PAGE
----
Following a bilateral meeting with Guatemalan President Giammattei, and in light of the U.S. desire to partner with Guatemala to address the economic, governance, and security conditions influencing out-migration, Vice President Harris announces the following:
Anticorruption Task Force
- The Department of Justice, with support from the Department of State, will create an anticorruption task force that will include U.S. prosecutors and law enforcement experts to investigate and prosecute corruption cases with a nexus in the United States, Guatemala, and the region. The task force will include three components: 1) increased focus of the global Kleptocracy Initiative to prosecute corruption cases and seize illicitly gained assets arising from corruption in Guatemala, El Salvador, and Honduras 2) expand the number of Resident Legal Advisors to provide capacity-building, training, and case-based mentoring to the Guatemalan Public Ministry, including the Special Prosecutor Against Impunity (FECI), to build corruption cases, and 3) a rapid response capability to deploy U.S. prosecutors and law enforcement experts to provide mentorship to develop corruption cases.
Human Smuggling and Trafficking Task Force
- The Department of Justice, with support from the Department of State, will create a regional task force to identify, disrupt, and prevent migrant smuggling and human trafficking operations. The task force will work with U.S. law enforcement counterparts in the region to track migrant smuggling and human trafficking operations, share intelligence, and plan coordinated enforcement actions.
U.S.-Guatemala Young Women’s Empowerment Initiative
- USAID will provide up to $40 million over three years to launch the Young Women’s Empowerment Initiative that will focus on creating opportunities for young, primarily indigenous women, who face substantial gender gaps. Activities will strengthen efforts to prevent and combat pervasive gender-based violence and trafficking in persons from areas of high out-migration while increasing access to justice, education and economic opportunities, and health and social services.
Increase Economic Opportunity ($48 million total)
- Support Entrepreneurship and Development Innovation. USAID will provide up to $7.5 million over three years, and leverage at least $22.5million from the private sector, to support entrepreneurs and innovators – including women, youth, and indigenous people – who are creating technology-driven, market-led solutions to development challenges in regions of high out-migration. Support will be directed toward entrepreneurs and businesses that are working in multiple sectors, including renewable energy, climate resilience, health, water and sanitation, telemedicine, agriculture, fintech, and education. Initial private sector partners include the Argidius Foundation, PriceSmart Foundation, IDC-Alterna, Pomona Impact, Ascenda, and Valhalla Capital which have committed to invest and grant over $10 million in support of this initiative.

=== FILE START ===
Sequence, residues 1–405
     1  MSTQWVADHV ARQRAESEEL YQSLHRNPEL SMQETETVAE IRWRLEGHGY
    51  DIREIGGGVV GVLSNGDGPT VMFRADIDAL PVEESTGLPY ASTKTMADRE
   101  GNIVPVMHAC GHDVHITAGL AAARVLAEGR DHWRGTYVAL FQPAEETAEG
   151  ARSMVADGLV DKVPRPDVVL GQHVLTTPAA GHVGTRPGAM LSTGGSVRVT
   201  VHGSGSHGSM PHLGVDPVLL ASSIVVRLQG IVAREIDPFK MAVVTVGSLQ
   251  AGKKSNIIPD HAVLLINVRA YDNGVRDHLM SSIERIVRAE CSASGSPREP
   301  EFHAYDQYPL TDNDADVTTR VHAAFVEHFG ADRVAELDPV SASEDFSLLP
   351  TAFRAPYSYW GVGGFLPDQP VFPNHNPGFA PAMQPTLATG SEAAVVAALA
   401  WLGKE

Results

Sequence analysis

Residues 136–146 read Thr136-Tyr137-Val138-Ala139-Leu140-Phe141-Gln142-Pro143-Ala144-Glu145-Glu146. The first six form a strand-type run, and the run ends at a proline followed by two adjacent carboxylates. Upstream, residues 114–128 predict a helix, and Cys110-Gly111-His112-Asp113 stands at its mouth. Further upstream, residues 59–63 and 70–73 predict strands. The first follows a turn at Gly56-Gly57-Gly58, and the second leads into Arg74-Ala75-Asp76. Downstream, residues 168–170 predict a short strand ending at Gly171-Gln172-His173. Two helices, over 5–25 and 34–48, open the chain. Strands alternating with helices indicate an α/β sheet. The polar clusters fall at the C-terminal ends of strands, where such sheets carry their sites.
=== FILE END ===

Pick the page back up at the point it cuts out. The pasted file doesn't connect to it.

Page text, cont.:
- Investment to Support Affordable Housing in Guatemala. DFC will provide a $19.5 million loan to Destino Desarollos (Destiny Developments) to help build approximately 1,800 homes and associated infrastructure in Guatemala’s secondary and tertiary cities of Quetzaltenango, Coban, and Fraijanes, which have high rates of out-migration. This project will create safe and affordable family housing and support hundreds of local jobs within the community.
- Investment to Support Agri-business in Guatemala. DFC will seek to invest $6 million in a project with Agro Atlantic that will help expand a banana plantation. The project will also help create hundreds of new jobs, including for women, in central Guatemala.
- Investment to Support Micro, Small, and Medium Enterprises (MSME). DFC will seek to provide a $15 million loan portfolio guaranty facility to Banco Internacional to help increase lending to local micro, small, and medium businesses particularly to those businesses operating in the western highlands and other areas of Guatemala where there are high rates of out-migration.